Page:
When you can do that there will be no need for faith, and the Church can adjust, or not adjust, it’s teachings on that basis, just as it eventually swapped from a geocentric universe to a heliocentric one when science proved the doctorine was clearly wrong.
The very idea science could disprove a doctrine or show it wrong is what was at stake for Galileo. The idea that science can be used to prove a doctrine wrong is what Galileo wanted, and where the church, after much trying to resist, finally got.
 
Written By: Scott Erb
URL: http://faculty.umf.maine.edu/~erb/blog.htm
... so he’s a little confused about what to say.
Not that that has ever shut him up before.
 
Written By: McQ
URL: http://www.QandO.net
tag like I can’t resist -
Scott, you’re like Hitler, all you want to talk about is the "the war".
JWG, rationalizing rejecting very clear spiritual guidance from the last two popes on war — they not only spoke out, they’ve been unequivocal. But you find a way to rationalize rejecting that. Typical.
JH Christo....where in this thread has JW stated he rejects their guidance?

Let me help him some more JW - from the text you linked -
Not all moral issues have the same moral weight as abortion and euthanasia. For example, if a Catholic were to be at odds with the Holy Father on the application of capital punishment or on the decision to wage war, he would not for that reason be considered unworthy to present himself to receive Holy Communion. While the Church exhorts civil authorities to seek peace, not war, and to exercise discretion and mercy in imposing punishment on criminals, it may still be permissible to take up arms to repel an aggressor or to have recourse to capital punishment. There may be a legitimate diversity of opinion even among Catholics about waging war and applying the death penalty, but not however with regard to abortion and euthanasia.
There ya go Scott, from the guys who wear the funny hats themselves.
You can disagree with the Pope about waging war, but NOT about the sanctity of the Communion. Okay? Is that clear enough, or should we consider YOUR opinion some more?

(pssssst....not about Iraq.....)
 
Written By: looker
URL: http://
Looker, you’re not listening to what I’m saying. I’m not talking about communion. I’m talking about so-called Christians rationalizing rejecting not only the Pope, but the basic teachings of the Christian faith. It’s utter hypocrisy. Read what was posted carefully and recognize that two Popes have said this is not a just war, and not along the lines of the exception stated above. If you support this war, you may as well support abortion. It’s still killing.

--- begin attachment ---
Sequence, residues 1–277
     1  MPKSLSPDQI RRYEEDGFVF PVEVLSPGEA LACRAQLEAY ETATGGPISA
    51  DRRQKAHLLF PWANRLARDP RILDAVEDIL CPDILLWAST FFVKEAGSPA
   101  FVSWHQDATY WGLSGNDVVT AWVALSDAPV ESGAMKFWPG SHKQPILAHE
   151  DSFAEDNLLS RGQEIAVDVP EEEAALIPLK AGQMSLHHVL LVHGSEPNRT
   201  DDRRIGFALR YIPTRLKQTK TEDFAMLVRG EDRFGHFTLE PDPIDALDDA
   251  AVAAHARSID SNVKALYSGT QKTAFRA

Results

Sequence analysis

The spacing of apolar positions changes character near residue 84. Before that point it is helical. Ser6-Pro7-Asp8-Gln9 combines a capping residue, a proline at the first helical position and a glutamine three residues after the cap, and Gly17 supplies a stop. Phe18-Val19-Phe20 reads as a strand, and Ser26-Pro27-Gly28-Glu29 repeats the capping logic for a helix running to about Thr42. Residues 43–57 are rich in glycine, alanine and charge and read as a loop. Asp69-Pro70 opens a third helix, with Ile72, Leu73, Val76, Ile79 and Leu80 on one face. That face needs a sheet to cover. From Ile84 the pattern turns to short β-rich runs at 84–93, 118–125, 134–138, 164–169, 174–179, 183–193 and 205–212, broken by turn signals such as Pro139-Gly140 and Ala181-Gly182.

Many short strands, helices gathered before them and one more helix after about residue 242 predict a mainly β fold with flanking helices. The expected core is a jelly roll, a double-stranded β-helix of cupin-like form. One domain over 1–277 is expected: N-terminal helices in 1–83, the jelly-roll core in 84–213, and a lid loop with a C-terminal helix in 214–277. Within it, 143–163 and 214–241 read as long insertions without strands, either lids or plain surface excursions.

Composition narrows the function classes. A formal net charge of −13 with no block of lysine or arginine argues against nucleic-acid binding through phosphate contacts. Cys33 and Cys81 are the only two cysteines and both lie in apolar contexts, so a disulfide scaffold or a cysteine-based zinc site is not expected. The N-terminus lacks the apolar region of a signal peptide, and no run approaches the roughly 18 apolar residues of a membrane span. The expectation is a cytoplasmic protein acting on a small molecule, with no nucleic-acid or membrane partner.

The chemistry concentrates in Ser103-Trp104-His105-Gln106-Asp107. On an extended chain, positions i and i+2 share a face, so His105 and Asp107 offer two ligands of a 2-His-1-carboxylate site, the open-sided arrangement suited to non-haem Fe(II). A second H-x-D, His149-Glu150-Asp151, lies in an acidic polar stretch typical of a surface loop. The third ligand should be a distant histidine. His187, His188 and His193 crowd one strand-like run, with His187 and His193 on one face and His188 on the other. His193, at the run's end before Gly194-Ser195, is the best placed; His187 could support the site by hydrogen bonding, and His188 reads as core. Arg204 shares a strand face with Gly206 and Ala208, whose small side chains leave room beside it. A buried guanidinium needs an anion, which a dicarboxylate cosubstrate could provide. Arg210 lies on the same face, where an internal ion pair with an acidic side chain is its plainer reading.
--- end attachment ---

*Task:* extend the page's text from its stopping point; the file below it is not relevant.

Written By: Scott Erb
URL: http://faculty.umf.maine.edu/~erb/blog.htm
(pssssst....not about Iraq.....)
 
Written By: looker
URL: http://
Looker, you’re not listening to what I’m saying. I’m not talking about communion
Communion...which IS what the thread is about.....and how forwarding abortion should prevent you from taking Communion.

One more time....a direct quote...
For example, if a Catholic were to be at odds with the Holy Father on the application of capital punishment or on the decision to wage war, he would not for that reason be considered unworthy to present himself to receive Holy Communion.
You see that you can disagree with the Pope on this issue and still be eligible to receive Communion without risking your immortal soul whereas you can’t do that on the issue of abortion because abortion isn’t about the Pope’s opinion, it’s about the Church’s teachings.

Church Teachings, Pope’s opinion. Surely you can comprehend the difference here.

(pssstt....it’s STILL not about the war)
 
Written By: looker
URL: http://
I’m talking about so-called Christians rationalizing rejecting not only the Pope, but the basic teachings of the Christian faith
Luke 22:36
Then said he unto them, But now, he that hath a purse, let him take it, and likewise his scrip: and he that hath no sword, let him sell his garment, and buy one.
 
Written By: Steverino
URL: http://
You’re dancing around the fact that two Popes have condemned the war in Iraq on unequivocal terms, and have stated that it is not a just war. You’re rationalizing support of the slaughter of humans, and ignoring your own church. I’m just saying, it looks pretty hypocritical to me. (Oh, and my comment is about the war — the hypocrisy of condemning abortion but ignoring condemnation of the war, rationalized by a theological song and dance, so it IS about the war).

What happened to love your enemy as yourself, be kind to those who would harm you, turn the other cheek, the meek will inherit the earth, etc. Or are those simply the teachings of someone far too naive for this world?
 
Written By: Scott Erb
URL: http://faculty.umf.maine.edu/~erb/blog.htm
What happened to love your enemy as yourself, be kind to those who would harm you, turn the other cheek, the meek will inherit the earth, etc. Or are those simply the teachings of someone far too naive for this world?
Dr Erb, this is one of your saddest attempts…..
What happened to love your enemy as yourself,